What is the difference between Xi Jinping and Xu Zhiyong?
Both talk about fighting corruption, yet Xi is president of China, while Xu is now a prison inmate—put there by Xi's security services and politically-controlled courts. Over the next four years Xi will be feted at glittering summits with people like US President Barack Obama, while Xu will be in a cell in one of China's prisons, notorious for abuse and poor conditions.
Xu was convicted on January 26, 2014 in a show trial setting, a closed hearing that barred journalists and diplomats. His offense: that he "gathered crowds to disturb public order." Xu made an eloquent closing statement defending his belief in the rule of law. He was ordered to stop speaking by the court after ten minutes.
Xu's conviction has significance well beyond his own case. Xu is a leader of the "weiquan," or "rights defense," movement. He is a veteran campaigner who first came to public attention in 2003 as a 30-year-old scholar petitioning the Chinese government to abolish the abusive custody and repatriation administrative detention system. The petition generated widespread attention in China and was credited with the eventual fall of the system.
At the beginning, the outlook for the rights defense movement was hopeful. The Internet was taking off in China, while the Chinese government was talking positively about creating the "rule of law." While the Communist Party maintained its grip on political power, more space for activists began to open up. A new breed of activists appeared on the scene. Xu himself set up the nonprofit legal aid organization, Gongmeng, which advocated change in a variety of areas, including the many forced evictions that accompanied China's frenzied construction sector.
However, the government started to reverse course as it saw promotion of law had unleashed a flood of demands on the government. In 2010 alone, there were 180,000 protests and demonstrations recorded in China, chief among them are protests against officially-backed forced evictions, land seizures and corruption.
The pressure on the rights defense movement has been steadily increasing since, with regular crackdowns. The government put more than one hundred activists under house arrest around the release of rights manifesto Charter 08 and slammed a thirteen year prison sentence on its main drafter, Liu Xiaobo (who later won the Nobel Peace Prize). The police also rounded up hundreds of activists and netizens following an anonymous online call for a "Jasmine Revolution" in 2011, although many detainees had little to do with the call. Many were kidnapped, tortured and held in secret locations for days and even months.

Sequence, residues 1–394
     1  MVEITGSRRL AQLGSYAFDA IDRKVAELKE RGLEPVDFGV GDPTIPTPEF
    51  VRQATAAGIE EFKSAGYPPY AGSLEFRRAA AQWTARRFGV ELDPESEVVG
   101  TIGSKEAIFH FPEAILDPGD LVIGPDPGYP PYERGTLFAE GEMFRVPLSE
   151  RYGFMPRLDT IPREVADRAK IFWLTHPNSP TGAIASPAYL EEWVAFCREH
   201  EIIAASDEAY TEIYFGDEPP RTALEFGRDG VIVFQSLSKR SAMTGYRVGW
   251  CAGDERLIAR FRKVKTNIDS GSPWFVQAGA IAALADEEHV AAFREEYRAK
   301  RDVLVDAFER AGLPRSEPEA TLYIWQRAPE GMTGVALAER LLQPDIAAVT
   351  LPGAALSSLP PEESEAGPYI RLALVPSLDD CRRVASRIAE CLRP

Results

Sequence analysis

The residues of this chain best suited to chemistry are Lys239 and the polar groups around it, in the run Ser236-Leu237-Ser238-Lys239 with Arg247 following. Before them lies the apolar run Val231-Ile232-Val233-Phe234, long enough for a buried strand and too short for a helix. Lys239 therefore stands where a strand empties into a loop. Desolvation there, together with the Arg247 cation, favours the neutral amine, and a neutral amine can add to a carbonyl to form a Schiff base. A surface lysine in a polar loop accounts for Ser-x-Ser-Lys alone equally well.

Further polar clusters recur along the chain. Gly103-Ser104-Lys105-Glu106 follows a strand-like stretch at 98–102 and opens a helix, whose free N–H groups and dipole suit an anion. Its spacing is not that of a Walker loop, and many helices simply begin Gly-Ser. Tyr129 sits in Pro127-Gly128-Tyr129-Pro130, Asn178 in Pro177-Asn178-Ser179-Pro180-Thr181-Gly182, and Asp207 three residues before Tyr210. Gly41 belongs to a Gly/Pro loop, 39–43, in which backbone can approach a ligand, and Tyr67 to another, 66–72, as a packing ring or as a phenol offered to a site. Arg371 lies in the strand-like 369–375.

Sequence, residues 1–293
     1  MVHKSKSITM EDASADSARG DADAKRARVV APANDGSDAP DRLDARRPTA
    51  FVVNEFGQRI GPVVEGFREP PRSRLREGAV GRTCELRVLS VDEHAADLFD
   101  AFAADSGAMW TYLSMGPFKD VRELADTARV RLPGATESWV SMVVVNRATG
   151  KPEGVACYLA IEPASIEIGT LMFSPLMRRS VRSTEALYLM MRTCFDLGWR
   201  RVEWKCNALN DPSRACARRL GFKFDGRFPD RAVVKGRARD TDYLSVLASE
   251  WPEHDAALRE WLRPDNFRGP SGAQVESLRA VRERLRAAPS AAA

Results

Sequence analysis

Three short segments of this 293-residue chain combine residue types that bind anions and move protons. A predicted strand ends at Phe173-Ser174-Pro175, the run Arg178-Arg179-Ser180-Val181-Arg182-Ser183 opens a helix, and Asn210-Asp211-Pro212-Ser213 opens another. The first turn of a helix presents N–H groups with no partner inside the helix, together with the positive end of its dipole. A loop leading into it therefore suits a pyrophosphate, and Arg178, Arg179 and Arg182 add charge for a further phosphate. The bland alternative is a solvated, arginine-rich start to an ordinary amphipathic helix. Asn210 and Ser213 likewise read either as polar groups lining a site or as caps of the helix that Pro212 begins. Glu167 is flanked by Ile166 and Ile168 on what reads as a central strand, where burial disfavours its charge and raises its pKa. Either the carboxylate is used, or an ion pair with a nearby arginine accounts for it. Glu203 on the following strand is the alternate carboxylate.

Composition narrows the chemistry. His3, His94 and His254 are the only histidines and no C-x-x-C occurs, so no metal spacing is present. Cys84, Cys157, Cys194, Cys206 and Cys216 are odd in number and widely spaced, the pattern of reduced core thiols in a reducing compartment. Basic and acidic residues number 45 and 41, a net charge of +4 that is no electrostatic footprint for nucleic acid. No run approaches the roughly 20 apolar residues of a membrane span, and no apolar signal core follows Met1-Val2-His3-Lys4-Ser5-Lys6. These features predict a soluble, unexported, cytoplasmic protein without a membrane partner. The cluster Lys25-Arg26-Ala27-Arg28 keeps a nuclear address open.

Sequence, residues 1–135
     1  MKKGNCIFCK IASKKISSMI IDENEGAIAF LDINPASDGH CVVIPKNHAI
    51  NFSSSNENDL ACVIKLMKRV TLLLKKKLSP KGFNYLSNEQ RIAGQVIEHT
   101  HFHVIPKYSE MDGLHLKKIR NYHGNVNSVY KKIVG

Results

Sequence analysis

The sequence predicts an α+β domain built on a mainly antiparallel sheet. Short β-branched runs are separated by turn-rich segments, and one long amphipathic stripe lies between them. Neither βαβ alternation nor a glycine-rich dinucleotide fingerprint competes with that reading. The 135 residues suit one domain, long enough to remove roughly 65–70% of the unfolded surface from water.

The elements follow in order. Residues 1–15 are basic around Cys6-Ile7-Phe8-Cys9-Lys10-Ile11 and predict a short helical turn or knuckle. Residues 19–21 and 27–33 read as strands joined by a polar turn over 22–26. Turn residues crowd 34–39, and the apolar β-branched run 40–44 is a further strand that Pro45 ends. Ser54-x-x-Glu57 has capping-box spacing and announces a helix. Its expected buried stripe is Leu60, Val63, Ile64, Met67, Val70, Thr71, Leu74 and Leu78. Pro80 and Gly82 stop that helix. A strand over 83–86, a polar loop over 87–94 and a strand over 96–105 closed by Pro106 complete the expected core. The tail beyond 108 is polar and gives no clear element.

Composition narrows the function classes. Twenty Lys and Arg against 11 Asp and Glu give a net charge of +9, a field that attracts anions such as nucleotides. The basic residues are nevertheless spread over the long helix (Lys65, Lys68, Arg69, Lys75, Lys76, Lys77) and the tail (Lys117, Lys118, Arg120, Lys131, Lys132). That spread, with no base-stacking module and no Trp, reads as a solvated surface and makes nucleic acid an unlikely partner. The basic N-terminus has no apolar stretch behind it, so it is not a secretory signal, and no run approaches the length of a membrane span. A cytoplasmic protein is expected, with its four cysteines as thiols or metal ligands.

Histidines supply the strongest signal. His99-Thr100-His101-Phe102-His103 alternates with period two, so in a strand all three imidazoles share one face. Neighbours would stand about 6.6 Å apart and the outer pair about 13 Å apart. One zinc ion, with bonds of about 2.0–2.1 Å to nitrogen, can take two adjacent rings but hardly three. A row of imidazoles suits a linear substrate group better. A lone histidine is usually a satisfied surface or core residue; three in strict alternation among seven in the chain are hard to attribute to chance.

The current crackdown is arguably one of the biggest and most concerted in the past twenty years. Ten activists who organize under the banner of Xu's New Citizens Movement have gone on trial within months—and that is not counting the detentions and imprisonment of many others not even related to the New Citizens effort. At the same time, the government has systematically tightened other contentious spaces for public activism, putting new controls on the Internet, mass media and even universities. Pressure in Tibet and Xinjiang has also intensified, culminating with the arrest of Uyghur scholar Ilham Tohti in mid-January for the crime of "splittism."
What makes this latest round of repression distressing is that the message of the rights defense movement and the New Citizens Movement in particular was modest, inclusive and constructive. Xu borrowed the language of the government on the rule of law and justice, and that should have made him less of a threat. The New Citizens Movement never organized opposition parties or explicitly pushed for multi-party democracy, which is the Communist Party's greatest fear, but Xi Jinping and his new government seem unable to tolerate even moderate critics.
In the short run, Beijing might feel more secure in the knowledge that it has crushed a movement that it perceives as a threat to the stability of its rule, and it might be relieved that its version of the "rule of law"—that is, the law as a weapon for the state, not as a source of protection for Chinese people—has once again triumphed.
However, Xi Jinping and his government should think hard about the road they are taking. It is easy to espouse a commitment to reform and attack corruption, but the gap between Xi's rhetoric and reality will only create more activists from a population that increasingly is demanding basic freedoms.
Instead of sending them to prison, Xi could make allies of people like Xu. It is a historic choice: subordinate all reforms to maintain Communist Party rule and risk escalating social unrest, or engage with reformers who have the vision of a modern Chinese state.
Maya Wang, based in Hong Kong, is a researcher in the Asia Division of Human Rights Watch. She is an expert on a wide range of human rights issues in China including arbitrary detention, torture and disability and women's rights.